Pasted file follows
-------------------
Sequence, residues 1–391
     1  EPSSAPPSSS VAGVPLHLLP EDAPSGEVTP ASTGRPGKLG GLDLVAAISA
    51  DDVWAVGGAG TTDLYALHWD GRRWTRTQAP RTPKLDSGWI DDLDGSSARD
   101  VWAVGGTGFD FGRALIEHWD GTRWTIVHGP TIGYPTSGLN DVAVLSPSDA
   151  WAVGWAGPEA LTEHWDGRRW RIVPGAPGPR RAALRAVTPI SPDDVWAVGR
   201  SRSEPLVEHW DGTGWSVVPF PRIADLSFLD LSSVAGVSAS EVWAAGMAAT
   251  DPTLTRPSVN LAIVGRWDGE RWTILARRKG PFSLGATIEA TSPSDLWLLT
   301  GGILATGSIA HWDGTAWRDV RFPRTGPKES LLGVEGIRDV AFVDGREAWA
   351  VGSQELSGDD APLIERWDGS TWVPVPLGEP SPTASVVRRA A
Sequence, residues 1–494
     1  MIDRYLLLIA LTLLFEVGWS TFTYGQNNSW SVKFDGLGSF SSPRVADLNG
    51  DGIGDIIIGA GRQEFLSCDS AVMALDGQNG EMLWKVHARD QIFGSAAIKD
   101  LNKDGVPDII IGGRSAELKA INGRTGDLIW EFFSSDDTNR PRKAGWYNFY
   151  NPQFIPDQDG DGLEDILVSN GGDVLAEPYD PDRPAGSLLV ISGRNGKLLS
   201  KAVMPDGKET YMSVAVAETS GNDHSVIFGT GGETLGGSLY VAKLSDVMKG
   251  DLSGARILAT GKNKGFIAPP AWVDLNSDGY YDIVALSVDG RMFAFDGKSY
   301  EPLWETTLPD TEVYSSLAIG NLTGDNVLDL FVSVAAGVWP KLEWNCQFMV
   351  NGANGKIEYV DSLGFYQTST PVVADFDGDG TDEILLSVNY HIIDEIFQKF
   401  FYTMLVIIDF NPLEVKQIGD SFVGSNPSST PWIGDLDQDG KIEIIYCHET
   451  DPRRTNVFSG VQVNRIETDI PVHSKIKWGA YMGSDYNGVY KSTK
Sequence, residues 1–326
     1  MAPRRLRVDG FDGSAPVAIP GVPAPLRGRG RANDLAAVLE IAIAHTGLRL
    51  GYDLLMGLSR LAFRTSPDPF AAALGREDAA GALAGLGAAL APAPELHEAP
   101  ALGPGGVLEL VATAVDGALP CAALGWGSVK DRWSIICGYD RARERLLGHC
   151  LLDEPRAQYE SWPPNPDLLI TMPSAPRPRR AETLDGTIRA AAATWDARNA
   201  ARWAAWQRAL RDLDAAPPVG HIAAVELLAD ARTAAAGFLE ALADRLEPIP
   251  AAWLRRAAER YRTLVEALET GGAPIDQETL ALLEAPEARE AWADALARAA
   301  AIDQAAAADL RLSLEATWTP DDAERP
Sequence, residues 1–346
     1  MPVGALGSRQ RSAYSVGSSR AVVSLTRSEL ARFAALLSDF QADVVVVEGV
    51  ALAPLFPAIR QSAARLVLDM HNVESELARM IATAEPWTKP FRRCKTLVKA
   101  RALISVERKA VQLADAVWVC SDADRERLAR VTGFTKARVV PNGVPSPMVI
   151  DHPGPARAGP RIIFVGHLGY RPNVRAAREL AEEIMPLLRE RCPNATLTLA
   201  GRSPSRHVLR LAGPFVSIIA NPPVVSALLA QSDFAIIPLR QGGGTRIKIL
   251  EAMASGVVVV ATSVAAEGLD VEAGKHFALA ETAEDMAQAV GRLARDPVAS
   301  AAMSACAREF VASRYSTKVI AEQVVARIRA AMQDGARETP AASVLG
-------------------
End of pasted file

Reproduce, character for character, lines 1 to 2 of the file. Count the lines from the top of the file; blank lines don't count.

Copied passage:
Sequence, residues 1–391
     1  EPSSAPPSSS VAGVPLHLLP EDAPSGEVTP ASTGRPGKLG GLDLVAAISA